The Wings defeated Montreal 5-1 on a hat trick by Norm Ullman & Roger Crozier stopped 33 of 34 shots. The first time Stan Mikita played against Gordie Howe and the Red Wings he flattened him a then took a seat on the bench. All the Hawks moved far away from Stan. He said “Whats up? “Did you know that was Gordie Howe?”

Stan replied: “That old man-who cares?” Two weeks later Stan and Gordie went into a corner. Five minutes later Stan woke up on the bench. Bobby Hull leaned over and said: “What do you think of the old man now?”

No one wanted a piece of Howe in a fight after seeing what he did to Ranger tough guy Lou Fontinato (2/1/1959). He destroyed him. The results of Lou’s face was put in Life Magazine. Gordie broke his nose, dislocated his jaw, and destroyed his ego. Lou passed away at age 84.

Howe did not get into a lot of fights later in his career when he figured it out that he was more important on the ice instead of the penalty box. Bobby Orr and Wayne Gretzky both said there is only one #1 in hockey, and that’s Gordie Howe.  

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Jimmy Piersall was blessed with speed to play baseball. His father was driven to see his son become a Boston Red Sox and his mom was often in manic depression. All together it created one zany ball player. Jimmy drove himself into a mental hospital and  was suspended numerous times for erratic behavior.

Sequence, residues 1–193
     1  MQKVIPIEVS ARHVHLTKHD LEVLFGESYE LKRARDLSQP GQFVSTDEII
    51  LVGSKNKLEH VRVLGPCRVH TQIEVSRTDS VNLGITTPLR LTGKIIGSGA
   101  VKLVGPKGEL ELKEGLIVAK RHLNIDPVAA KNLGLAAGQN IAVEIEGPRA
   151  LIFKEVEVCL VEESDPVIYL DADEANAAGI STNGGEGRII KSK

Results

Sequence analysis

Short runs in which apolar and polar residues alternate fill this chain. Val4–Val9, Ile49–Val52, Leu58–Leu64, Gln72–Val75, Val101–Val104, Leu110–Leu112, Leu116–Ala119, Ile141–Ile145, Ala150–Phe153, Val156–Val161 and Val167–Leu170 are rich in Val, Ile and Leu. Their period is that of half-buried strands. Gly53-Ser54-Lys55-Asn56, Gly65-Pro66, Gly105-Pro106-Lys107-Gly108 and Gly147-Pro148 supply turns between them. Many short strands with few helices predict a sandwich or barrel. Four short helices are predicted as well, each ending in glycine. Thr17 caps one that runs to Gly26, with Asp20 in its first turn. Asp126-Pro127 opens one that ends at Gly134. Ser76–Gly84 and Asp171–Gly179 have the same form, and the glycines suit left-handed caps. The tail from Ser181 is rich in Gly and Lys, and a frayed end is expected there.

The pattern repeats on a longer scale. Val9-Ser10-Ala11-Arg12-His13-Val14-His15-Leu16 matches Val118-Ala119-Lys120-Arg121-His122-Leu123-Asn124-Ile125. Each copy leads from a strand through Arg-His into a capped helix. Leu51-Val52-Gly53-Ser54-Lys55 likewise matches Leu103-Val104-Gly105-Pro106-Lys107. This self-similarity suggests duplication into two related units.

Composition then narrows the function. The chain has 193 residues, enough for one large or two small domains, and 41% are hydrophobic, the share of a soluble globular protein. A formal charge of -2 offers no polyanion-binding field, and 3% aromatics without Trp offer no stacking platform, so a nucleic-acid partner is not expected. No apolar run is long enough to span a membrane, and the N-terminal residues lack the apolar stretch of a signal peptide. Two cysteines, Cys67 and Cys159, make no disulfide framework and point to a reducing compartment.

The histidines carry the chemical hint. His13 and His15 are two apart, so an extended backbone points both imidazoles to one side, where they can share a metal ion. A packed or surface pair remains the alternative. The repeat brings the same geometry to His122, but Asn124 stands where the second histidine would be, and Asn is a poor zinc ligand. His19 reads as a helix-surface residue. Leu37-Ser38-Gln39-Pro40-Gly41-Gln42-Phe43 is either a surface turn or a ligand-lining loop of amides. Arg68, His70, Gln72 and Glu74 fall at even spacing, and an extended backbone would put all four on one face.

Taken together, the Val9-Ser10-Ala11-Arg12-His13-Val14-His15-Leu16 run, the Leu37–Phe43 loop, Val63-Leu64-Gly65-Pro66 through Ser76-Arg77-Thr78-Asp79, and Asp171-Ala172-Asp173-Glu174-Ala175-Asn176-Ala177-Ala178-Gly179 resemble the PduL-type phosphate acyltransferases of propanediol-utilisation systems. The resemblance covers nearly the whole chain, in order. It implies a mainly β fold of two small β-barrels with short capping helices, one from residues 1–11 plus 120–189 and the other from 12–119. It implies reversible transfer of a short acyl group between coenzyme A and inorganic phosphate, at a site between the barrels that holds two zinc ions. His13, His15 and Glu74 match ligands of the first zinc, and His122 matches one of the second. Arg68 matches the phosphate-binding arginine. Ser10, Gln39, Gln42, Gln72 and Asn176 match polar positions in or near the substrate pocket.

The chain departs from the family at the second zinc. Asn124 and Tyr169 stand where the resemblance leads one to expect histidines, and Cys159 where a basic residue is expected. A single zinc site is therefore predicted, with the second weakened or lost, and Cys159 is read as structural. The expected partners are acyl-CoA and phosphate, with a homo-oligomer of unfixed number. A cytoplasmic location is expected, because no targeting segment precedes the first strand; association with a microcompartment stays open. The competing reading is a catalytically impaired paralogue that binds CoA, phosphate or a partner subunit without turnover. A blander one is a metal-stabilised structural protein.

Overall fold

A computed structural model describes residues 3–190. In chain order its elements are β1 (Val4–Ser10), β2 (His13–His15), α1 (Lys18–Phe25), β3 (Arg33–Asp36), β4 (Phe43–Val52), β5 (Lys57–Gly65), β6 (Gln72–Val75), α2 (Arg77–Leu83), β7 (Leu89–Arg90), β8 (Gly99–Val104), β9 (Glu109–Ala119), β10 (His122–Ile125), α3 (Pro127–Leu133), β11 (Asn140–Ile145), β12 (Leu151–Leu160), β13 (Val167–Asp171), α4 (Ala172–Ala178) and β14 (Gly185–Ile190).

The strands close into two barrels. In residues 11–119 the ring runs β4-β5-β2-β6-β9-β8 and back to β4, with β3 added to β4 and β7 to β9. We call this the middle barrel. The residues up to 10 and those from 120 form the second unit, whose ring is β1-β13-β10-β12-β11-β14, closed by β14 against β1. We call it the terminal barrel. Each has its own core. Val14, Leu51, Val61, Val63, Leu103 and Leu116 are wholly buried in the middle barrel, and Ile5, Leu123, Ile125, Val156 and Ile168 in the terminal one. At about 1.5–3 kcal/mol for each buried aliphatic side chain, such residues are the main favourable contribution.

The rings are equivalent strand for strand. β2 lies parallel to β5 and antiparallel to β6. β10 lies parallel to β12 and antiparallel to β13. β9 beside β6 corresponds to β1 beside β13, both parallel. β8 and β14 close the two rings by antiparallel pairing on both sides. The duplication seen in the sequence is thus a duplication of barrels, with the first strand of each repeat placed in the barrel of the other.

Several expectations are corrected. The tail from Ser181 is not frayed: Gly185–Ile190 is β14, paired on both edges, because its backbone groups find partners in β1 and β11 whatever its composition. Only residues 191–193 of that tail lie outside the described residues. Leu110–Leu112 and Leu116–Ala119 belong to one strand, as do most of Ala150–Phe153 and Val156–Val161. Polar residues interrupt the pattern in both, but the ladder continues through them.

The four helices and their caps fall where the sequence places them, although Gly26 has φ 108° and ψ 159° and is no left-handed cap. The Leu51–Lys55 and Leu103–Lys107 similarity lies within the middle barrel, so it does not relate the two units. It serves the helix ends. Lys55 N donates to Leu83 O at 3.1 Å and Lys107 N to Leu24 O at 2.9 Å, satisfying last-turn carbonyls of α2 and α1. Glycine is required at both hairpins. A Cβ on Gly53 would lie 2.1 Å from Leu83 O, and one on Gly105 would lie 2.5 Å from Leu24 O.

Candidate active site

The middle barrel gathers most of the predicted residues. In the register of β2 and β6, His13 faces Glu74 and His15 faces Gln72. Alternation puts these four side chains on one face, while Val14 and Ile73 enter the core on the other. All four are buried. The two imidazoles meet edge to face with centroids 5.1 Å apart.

But even with all this going on he played 17 years of Major League baseball (1,734 games, hit .272, hit 104 HRS, 591 RBI’S and had a .990 FA) He once had 6 straight hits in a game, owned a ball club, married three women, fathered nine kids with his first wife, and  became a famous broadcaster with Texas, the White Sox, and teamed up with Harry Caray.

He was invited to the White House twice, was a two -time All-Star, won two Gold Gloves, & is in the Boston Red Sox H.O.F. Casey Stengel said Jimmy was the best fielder he ever seen - better than Joe D. But he also said as a Mets manager “I had to play him he a cage”. 

With the Mets Jimmy once ran backwards around the bases after hitting his 100th home run. I had the misfortune to meet Jimmy (8/3/1961 when I was 17 & Jimmy was 32 after his team took a 6-1 beating from the Detroit Tigers on a Frank Lary seven hitter and a three hit night by Jake Wood.